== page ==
While investigating the case, prosecutors discovered that Sheppard had been having an affair – a three year long one with a nurse at the hospital he worked at, Susan Hayes. They argued at trial that this affair was the motive for the gruesome murder of Marilyn Sheppard (Wikipedia). Another motive brought forward was based hearsay from a neighbor of the Sheppards. This neighbor claimed that Marilyn had told them that Sheppard was sterile, from working closely with x-rays for too long. If this were true, her pregnancy would be considered motive as the baby would have been another man’s. Tests on the fetus disproved this theory (Linder). Despite there being little-to-no evidence that Sheppard had committed the murder, the lead prosecutor, John J. Mahon, focused his efforts on proving that he had done it. His main argument: Sheppard was in the house at the time the murder occurred. He argued that Sheppard’s story was inconsistent and that his inability to describe the person who killed her were signs that he was the true murderer. Along with these, he also argued that Sheppard’s t-shirt should have had blood on it from his struggle with the killer, but a shirt was never actually found to argue this point with. Sheppard also had no sand in his hair, and the daybed he was sleeping on was apparently on the beach. Mahon argued that he would have to have sand in his hair if he was really on the beach, and that the items stolen and found later outside were done to make it look like a burglary. Going further in speculation, the prosecutors had no murder weapon to work with, but the coroner claimed that, based on markings on the pillow under Marilyn’s head, the murder weapon had been some kind of double-bladed surgical instrument with teeth on the blades (Wikipedia). Doctor Lester Adelson was called to the stand and delivered a brutal slide show of the crime scene, as well as his evidence that Marilyn Sheppard had died violently. Sheppard asked to be allowed to leave the courtroom during the slide show, which was colored autopsy photos, but was denied and instead stood at the back of the courtroom facing away. Corrigan tried to argue on cross-examination that Marilyn choked on her own blood, but Adelson would not relent. As far as he was concerned, Marilyn died as a result of the brutal beating (Linder).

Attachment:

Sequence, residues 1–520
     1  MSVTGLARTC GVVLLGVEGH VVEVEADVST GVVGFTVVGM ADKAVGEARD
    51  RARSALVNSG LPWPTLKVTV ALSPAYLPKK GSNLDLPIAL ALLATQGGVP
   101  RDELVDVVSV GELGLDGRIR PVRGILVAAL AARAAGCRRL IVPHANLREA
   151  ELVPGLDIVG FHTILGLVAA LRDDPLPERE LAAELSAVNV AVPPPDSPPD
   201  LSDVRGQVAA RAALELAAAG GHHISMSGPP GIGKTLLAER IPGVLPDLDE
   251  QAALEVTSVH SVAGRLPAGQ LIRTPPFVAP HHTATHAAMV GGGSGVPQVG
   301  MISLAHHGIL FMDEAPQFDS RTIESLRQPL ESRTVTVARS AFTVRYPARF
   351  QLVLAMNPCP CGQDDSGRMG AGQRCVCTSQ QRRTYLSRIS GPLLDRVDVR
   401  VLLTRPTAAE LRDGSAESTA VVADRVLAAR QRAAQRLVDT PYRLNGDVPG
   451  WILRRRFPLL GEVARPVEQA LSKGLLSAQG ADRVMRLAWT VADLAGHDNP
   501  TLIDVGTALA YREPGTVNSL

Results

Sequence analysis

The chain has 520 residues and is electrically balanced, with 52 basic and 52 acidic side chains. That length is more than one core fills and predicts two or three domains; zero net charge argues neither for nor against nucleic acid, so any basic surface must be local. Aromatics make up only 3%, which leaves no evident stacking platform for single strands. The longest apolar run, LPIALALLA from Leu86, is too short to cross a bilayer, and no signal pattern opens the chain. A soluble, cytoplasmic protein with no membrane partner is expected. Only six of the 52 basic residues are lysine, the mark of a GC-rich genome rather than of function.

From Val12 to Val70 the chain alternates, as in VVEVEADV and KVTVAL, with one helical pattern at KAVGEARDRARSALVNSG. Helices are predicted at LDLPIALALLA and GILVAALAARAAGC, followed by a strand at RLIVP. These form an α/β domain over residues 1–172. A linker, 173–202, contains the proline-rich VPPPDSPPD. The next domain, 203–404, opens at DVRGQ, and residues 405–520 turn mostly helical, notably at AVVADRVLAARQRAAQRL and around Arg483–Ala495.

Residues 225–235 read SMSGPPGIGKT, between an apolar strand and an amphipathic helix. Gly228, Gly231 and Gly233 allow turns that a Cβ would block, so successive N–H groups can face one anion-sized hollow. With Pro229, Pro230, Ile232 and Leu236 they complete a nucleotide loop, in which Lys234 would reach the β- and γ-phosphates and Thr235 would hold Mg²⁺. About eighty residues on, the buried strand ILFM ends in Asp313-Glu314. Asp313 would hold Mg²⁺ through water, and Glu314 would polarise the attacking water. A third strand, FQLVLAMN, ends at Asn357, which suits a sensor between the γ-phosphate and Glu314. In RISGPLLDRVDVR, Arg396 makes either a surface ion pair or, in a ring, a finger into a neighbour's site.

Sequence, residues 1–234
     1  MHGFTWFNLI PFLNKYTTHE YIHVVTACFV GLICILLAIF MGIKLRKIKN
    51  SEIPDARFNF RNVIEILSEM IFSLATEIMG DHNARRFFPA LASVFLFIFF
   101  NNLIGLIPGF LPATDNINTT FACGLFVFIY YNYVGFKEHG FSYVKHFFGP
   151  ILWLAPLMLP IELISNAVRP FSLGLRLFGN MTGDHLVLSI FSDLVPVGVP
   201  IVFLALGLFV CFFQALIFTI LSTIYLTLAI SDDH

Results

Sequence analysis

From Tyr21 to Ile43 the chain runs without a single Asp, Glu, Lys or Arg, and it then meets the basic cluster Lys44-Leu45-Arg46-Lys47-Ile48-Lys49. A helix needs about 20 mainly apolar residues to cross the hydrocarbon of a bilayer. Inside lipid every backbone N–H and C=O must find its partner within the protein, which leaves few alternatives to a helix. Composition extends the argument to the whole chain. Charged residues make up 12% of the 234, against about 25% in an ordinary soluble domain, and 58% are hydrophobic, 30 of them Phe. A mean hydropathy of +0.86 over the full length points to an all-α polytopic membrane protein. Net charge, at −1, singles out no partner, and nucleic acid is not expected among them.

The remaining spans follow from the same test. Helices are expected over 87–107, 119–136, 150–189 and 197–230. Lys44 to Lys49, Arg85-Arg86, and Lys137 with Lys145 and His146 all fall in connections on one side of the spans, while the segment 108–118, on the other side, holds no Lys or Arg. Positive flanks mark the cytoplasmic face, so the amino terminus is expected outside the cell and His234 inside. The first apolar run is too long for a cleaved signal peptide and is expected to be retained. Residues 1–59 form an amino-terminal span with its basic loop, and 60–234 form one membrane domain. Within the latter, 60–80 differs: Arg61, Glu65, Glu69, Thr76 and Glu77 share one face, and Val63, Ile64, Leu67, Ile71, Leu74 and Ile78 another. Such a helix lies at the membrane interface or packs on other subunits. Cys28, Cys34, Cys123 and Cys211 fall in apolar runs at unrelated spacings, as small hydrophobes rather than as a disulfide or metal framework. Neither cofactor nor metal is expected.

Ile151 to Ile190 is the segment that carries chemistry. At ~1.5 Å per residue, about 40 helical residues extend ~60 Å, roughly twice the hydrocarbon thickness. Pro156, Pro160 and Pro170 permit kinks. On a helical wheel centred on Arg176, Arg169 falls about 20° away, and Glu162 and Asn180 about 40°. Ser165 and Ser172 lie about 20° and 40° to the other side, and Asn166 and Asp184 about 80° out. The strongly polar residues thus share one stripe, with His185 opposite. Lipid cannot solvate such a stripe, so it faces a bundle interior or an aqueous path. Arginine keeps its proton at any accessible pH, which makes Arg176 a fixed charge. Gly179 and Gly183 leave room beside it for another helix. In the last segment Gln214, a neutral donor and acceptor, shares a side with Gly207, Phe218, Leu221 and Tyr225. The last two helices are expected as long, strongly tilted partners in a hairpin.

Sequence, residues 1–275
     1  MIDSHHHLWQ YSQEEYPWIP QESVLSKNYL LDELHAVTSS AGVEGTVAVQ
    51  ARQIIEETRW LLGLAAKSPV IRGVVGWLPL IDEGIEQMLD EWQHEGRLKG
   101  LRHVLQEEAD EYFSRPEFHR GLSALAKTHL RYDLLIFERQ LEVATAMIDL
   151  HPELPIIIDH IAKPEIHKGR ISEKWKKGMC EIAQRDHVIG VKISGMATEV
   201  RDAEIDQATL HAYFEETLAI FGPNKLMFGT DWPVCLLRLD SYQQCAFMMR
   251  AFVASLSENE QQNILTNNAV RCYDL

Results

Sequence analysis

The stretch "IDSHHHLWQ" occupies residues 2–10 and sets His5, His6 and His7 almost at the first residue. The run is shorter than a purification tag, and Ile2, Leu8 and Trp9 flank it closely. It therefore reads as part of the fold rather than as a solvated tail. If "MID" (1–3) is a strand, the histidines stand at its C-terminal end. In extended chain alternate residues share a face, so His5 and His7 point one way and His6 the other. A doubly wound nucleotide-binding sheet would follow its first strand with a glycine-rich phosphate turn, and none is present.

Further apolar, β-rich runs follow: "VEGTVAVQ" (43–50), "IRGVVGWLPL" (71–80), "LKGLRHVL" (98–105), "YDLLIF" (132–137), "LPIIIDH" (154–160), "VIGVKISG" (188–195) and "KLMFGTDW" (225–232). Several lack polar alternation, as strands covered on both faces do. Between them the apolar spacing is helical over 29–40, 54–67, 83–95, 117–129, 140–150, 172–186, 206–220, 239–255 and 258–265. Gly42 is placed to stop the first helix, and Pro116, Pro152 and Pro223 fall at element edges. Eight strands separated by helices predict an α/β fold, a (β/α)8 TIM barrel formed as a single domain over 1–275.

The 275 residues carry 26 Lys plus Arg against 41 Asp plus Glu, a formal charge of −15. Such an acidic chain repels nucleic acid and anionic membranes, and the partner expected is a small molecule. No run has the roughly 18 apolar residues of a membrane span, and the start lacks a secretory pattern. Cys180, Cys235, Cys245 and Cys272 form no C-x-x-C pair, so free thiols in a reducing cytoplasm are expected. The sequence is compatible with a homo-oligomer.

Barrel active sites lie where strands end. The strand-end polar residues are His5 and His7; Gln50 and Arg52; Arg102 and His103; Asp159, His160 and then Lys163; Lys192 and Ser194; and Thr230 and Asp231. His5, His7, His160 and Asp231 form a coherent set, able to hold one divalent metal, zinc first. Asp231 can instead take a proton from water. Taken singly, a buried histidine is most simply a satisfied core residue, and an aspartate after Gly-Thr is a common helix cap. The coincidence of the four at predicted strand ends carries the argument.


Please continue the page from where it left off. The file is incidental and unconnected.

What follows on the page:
When the trial began, the defense attempted to have the trial moved from Cleveland and have the trial stayed until the media circus died down, but the judge denied this (Linder). Sheppard’s attorney, William Corrigan, argued against the claims with the injuries Sheppard had sustained from his struggle with the intruder. According to Dr. Charles Elkins, a neurosurgeon that examined Sheppard, his injuries were severe and could not be faked. The injuries included nerve injuries, a concussion, and injury around the second cervical vertebra in the back of his neck. Corrigan and the defense also used how bloody the crime scene was to their advantage – Sheppard only had blood on his knee, after all. With a crime scene that bloody, they would have found some blood evidence somewhere else on him. It was believed by the defense that Marilyn had bitten her attacker, as two of her teeth had been broken and pulled from her mouth, though there are some who insist that the teeth being pulled from her mouth is consistent with the beating she endured. Criminologist Paul Kirk seems to agree with the defense on this, stating that, if the teeth were due to her being beaten, her lips would had been damaged and pieces of the teeth would have been found inside her mouth (Wikipedia). Paul Kirk also conducted his own investigation of the crime scene and came to his own conclusions. One, the killer must have been left-handed – Sheppard was right-handed. Two, he believed the murder weapon was actually a flash light, and a neighbor of the Sheppards did find a dented flash light in shallow water while swimming. Could this have been the real murder weapon? He claimed, on top of these two, that he had also found blood evidence that belonged to neither of the Sheppards (Linder).